As of 2015, there were 58 wired broadband providers who use data caps, including Comcast. Data caps are a fancy way for broadband providers to charge you more for your Internet service: The more time you spend on the Internet, the more time you spend streaming television shows, and the more time you spend downloading your sketchy porn, the more a broadband provider can charge you.
It’s bullshit. And Netflix — in a filing with the FCC today — is going to bat for consumers by waging war against data caps.
Netflix, in its argument to the FCC, essentially says that data caps are useless. They don’t lower congestion, and ISPs don’t really save any money by not opening the floodgates. The caps exist for one reason only: To charge customers more. Comcast argues, in fact, that it’s only fair that those who use more data should have to pay more money.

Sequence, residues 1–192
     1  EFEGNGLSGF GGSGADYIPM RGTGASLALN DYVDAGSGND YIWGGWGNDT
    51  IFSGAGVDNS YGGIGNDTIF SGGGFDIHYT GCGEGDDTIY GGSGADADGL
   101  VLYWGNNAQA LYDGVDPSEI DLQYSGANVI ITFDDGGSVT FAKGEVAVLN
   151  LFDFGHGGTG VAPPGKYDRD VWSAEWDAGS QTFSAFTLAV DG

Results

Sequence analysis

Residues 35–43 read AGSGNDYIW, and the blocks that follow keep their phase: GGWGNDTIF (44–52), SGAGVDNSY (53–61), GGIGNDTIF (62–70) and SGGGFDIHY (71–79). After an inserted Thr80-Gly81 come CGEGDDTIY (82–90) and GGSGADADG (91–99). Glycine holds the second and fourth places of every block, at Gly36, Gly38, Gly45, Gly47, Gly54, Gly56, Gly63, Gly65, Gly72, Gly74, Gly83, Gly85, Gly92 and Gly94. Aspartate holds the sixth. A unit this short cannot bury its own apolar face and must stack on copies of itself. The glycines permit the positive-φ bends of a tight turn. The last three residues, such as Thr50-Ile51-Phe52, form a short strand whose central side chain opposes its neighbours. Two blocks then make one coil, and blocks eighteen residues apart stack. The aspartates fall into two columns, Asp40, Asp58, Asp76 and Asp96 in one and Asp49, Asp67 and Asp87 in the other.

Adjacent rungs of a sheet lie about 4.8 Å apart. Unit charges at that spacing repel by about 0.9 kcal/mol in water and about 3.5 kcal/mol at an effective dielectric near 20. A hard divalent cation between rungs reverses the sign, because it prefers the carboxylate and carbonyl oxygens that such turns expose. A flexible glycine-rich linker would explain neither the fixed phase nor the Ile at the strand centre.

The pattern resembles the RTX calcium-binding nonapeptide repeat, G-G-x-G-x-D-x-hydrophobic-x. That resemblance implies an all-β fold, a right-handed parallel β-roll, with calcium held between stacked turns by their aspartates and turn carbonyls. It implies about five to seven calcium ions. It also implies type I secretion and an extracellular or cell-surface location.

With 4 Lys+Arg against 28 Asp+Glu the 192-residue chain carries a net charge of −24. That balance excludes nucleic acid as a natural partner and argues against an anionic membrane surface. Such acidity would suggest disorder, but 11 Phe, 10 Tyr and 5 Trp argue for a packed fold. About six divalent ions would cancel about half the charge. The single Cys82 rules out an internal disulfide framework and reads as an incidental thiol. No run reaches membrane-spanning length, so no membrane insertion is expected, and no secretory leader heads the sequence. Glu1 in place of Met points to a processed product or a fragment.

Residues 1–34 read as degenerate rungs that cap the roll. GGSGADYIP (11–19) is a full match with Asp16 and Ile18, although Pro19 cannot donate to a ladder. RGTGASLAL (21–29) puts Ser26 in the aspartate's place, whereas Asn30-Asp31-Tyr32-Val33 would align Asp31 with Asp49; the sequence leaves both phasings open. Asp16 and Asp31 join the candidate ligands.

Netflix, and 99 percent of consumers, disagree. If there’s no legitimate reason to institute data caps, they should be extinguished, as Netflix argues:
“Data caps (especially low data caps) and usage-based pricing (‘UBP’) discourage a consumer’s consumption of broadband, and may impede the ability of some households to watch Internet television in a manner and amount that they would like. For this reason, the Commission should hold that data caps on fixed-line networks-and low data caps on mobile networks-may unreasonably limit Internet television viewing.”
There’s plenty of self-interest in this position for Netflix. The streaming service — which is attempting to create a virtual monopoly on quality television — wants its customers to be able to stream as much television as our idle hours will allow, but in this case, the wants of Netflix align well with our own desires and pocketbooks.